Course correcting your way to a more financially secure retirement
- March 13, 2017
Due to longer life expectancy, today’s retirees are more “time affluent” than previous generations and have new freedoms to live where they want, connect with family and friends, engage in leisure of their choosing and invest in their health. However, funding a retirement lifestyle is becoming more challenging as the old “three-legged stool” for funding retirement — Social Security, employer pensions, personal savings — is becoming wobbly.
In a new study, Merrill Lynch in partnership with Age Wave, found that achieving a financially comfortable retirement will require retirees to take more personal responsibility and overcome new challenges —starting with appreciating the cost of retirement. According to this new study, retirement will be the biggest purchase of one’s lifetime, costing 2.5 times the cost of an average home, yet 81 percent say they do not know how much money they will need to fund their plans. To better understand their finances and tackle misunderstandings, pre-retirees need to start having discussions and break down taboos around sensitive, but important financial topics.
The research also found that people are open to making money saving trade-offs, adjustments, and course corrections in order to live a more satisfying and financially secure retirement. Some of these actions include a willingness to cut back on basic expenses (90 percent of retirees indicated willingness), make healthier choices to reduce future medical expenses (91 percent), seek part time work to acquire supplemental income (75 percent), cut back on financial support to children (70 percent), downsize their home (75 percent) and volunteer time in lieu of gifting money to charitable organizations (75 percent).
Here in the mid-Atlantic region, we find:
Retirees report the lowest percentage of retirement funding from employer-related sources (pension, qualified plans, etc.).
Respondents were the most likely to collect Social Security payments as early as possible.
Retirees are among the most likely to turn a retirement hobby into a source of income, or supplement income with the gig economy
Overall, course corrections vary based on individual priorities and values — so it’s important for retirees to consider the vast array of options available to them. The good news is that retirees and pre-retirees are extremely resilient, adaptable, and hopeful. Many are open to making meaningful adjustments across all life priorities for a more financially comfortable retirement.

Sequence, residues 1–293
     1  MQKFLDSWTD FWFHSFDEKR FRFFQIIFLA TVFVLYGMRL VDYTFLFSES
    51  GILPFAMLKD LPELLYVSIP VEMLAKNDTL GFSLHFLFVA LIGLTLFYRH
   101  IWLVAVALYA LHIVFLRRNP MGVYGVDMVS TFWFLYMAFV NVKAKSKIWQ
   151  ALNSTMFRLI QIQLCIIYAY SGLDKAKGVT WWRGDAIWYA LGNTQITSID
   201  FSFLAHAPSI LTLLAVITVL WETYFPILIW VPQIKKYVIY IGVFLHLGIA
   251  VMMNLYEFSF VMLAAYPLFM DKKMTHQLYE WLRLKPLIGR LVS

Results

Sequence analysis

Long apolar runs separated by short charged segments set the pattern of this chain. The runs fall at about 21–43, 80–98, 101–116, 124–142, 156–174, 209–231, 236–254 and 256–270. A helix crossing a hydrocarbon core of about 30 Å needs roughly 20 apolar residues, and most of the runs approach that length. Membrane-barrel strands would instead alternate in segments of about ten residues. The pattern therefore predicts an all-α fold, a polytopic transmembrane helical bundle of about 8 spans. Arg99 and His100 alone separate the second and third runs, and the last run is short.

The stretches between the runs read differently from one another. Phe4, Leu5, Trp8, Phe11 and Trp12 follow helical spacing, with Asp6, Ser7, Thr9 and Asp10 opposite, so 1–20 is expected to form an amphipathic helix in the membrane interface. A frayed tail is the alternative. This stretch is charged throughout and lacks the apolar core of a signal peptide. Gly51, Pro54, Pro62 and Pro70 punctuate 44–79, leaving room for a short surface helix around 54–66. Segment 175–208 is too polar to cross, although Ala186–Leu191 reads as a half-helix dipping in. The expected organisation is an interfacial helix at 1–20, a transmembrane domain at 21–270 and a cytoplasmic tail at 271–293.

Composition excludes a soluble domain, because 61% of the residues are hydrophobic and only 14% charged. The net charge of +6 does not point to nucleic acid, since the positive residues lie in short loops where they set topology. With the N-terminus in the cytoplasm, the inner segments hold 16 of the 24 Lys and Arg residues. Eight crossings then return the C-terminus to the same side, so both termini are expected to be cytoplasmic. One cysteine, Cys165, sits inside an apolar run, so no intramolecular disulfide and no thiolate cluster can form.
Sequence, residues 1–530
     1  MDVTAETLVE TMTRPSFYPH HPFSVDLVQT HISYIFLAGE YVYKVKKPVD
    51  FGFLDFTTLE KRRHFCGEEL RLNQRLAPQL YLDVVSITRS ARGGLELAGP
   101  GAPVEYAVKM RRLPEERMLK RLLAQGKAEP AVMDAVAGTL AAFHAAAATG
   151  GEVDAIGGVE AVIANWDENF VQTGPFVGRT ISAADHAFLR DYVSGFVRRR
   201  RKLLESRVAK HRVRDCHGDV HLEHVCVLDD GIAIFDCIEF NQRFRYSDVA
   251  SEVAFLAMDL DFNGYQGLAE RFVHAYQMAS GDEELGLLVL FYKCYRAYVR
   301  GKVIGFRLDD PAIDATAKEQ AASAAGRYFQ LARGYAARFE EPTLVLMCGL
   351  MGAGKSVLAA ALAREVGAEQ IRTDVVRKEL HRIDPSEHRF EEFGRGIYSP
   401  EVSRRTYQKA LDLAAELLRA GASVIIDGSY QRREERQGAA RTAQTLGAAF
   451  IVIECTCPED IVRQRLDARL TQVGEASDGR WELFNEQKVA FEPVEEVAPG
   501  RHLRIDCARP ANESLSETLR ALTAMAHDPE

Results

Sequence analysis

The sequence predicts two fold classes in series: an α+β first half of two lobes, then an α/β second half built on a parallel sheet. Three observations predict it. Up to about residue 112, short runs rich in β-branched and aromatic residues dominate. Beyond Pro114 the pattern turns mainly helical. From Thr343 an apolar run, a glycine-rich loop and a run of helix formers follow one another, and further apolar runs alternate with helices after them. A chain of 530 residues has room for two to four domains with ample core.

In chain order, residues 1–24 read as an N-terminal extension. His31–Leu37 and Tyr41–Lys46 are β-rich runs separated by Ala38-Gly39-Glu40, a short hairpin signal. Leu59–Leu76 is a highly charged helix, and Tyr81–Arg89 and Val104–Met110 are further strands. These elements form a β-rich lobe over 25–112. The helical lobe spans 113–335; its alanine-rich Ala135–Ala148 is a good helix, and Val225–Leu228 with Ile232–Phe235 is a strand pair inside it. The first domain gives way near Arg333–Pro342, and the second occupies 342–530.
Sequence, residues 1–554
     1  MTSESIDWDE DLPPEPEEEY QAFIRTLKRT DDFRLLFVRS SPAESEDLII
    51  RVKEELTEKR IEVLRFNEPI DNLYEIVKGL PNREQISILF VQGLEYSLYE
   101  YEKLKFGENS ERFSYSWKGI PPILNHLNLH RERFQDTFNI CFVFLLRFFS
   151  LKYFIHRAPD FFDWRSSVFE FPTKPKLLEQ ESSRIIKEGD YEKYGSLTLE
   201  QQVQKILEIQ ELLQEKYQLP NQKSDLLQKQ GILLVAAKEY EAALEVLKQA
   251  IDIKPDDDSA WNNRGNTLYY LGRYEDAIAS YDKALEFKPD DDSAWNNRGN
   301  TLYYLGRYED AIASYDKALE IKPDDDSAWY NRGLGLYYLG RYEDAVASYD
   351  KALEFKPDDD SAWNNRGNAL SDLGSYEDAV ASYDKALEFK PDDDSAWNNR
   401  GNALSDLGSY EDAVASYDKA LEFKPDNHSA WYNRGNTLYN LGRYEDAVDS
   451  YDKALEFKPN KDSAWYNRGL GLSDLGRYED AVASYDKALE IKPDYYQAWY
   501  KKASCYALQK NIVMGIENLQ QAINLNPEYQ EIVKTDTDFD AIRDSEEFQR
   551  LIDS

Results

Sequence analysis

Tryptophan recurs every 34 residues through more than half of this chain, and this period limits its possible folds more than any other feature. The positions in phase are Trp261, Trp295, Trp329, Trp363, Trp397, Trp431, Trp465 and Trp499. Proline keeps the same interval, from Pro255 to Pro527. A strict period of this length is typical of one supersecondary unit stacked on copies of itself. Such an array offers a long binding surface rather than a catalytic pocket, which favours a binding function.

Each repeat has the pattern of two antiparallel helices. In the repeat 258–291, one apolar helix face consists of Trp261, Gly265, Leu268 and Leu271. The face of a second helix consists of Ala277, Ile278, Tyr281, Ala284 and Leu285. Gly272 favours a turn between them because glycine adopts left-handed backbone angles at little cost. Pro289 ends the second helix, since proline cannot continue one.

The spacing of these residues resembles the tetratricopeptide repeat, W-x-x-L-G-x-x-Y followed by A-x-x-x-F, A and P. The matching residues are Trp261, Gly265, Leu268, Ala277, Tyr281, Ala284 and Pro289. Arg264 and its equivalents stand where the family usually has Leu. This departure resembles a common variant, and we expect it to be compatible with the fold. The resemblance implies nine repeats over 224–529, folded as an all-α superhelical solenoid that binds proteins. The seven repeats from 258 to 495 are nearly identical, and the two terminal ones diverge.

These topics may be intimidating, but it’s important to remember that you are not alone in this endeavor to achieve financial wellness in retirement. Speaking with a financial advisor can help you make sense of not only retirement, but all of your financial life priorities. Whether it’s buying your first home, paying for college, planning a wedding or any other life-changing financial decision — having a financial advisor to help you build a comprehensive financial plan based on your life’s goals, is essential to achieving the post-retirement lifestyle that you may have always dreamed of.
For more information on the Merrill Lynch study, contact William J. Moran, Jr., Chartered Retirement Planning Counselor (CRPC®), senior vice president and wealth management advisor with Merrill Lynch at 202-659-7340 or firstname.lastname@example.org.
To download the “Finances in Retirement: New Challenges, New Solutions” study and interactive graphics, visit http://www.ml.com/retirementstudy This .report is based on a nationally representative survey of 4,854 respondents age 25 or more and is the capstone study of a series of in-depth studies focusing on seven life priorities, including an initial benchmark study. To explore additional content and resources related to these seven life priorities, visit http://www.ml.com/retire<./p>
Neither Merrill Lynch nor any of its affiliates or financial advisors provide legal, tax or accounting advice. You should consult your legal and/or tax advisors before making any financial decisions.